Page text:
In the present picture, the figure is close to the viewer, placed to the right. Wearing a large tam o'shanter and white blouse, he half looks out of the picture, as if he is observing something, or lost in reflection. His figure is in shadow, but strips of sunlight touch the top of his beret, the edges of his shirt, and his right hand. The tone of the picture is mainly subdued, but Osborne makes subtle use of browns, blues, violets, whites and ochres. In contrast, the dazzling white of the sea, suggesting a low sun above, is dramatic. This white is repeated in the strip of light on the front of the boy’s shirt, and in the wave breaking on the shore. The off-white of the clouds floating in the pale bluish-pink sky is more muted.
Osborne makes striking use of horizontal lines: in the horizon on the sea, the top and bottom of the boardwalk, and in the beach below. There is a delightful visual pun in the way that the tuft on the boy’s tam-o-shanter is reprised by the sail on the horizon.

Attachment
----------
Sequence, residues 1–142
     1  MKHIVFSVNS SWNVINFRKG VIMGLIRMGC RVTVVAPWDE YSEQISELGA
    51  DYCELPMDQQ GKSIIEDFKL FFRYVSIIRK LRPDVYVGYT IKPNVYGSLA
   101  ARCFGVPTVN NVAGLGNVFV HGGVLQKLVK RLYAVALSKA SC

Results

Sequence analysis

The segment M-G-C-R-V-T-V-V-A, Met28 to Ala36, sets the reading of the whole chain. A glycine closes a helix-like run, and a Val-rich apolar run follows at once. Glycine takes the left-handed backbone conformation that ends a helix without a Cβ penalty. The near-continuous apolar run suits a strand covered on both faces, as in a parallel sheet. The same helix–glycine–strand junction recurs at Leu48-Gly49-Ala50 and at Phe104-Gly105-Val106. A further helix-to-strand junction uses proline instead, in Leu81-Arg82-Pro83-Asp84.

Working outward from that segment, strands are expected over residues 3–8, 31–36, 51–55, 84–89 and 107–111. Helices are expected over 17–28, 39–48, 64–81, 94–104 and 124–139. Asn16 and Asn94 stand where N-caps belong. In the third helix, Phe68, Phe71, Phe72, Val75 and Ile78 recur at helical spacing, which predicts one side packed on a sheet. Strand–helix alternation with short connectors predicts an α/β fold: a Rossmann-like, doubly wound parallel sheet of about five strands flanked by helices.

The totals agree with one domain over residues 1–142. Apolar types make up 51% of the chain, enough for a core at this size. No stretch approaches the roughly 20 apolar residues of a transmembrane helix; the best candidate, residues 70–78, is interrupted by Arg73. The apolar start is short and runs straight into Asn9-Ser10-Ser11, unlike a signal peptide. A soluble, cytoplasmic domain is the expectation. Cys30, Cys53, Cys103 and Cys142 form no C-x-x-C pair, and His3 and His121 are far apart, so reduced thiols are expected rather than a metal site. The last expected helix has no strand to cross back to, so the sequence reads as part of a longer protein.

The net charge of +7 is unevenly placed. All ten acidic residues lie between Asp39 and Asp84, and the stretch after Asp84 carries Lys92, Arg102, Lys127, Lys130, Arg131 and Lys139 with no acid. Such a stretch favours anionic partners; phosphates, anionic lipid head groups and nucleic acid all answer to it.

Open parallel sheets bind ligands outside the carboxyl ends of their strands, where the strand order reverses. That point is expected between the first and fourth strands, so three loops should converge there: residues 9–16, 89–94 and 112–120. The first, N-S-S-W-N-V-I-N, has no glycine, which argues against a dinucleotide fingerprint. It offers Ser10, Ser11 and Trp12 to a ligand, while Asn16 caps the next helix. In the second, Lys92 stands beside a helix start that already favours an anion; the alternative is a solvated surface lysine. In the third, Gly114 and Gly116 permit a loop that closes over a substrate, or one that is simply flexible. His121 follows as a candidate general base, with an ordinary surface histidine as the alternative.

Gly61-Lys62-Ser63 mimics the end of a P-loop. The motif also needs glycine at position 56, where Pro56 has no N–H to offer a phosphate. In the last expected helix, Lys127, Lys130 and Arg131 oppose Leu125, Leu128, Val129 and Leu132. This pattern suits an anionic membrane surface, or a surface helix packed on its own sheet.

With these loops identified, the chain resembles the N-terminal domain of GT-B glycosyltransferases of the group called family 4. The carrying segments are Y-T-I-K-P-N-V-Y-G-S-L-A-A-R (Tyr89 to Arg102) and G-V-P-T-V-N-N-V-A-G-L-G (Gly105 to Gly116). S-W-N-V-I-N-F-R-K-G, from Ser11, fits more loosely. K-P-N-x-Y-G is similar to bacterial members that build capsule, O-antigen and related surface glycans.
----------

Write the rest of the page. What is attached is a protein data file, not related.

Osborne paints in a bold manner, the light and shadow on the beach expressed by long strokes, while the boy’s hat and shirt are conveyed in a ‘square-brush’ style.
1C. Kennedy, ‘Seated Boy and Sea. Walter Frederick Osborne’, in America’s Eye, 1996, p.120.
2 Sotheby’s, London, 7 May 2008, lot 116
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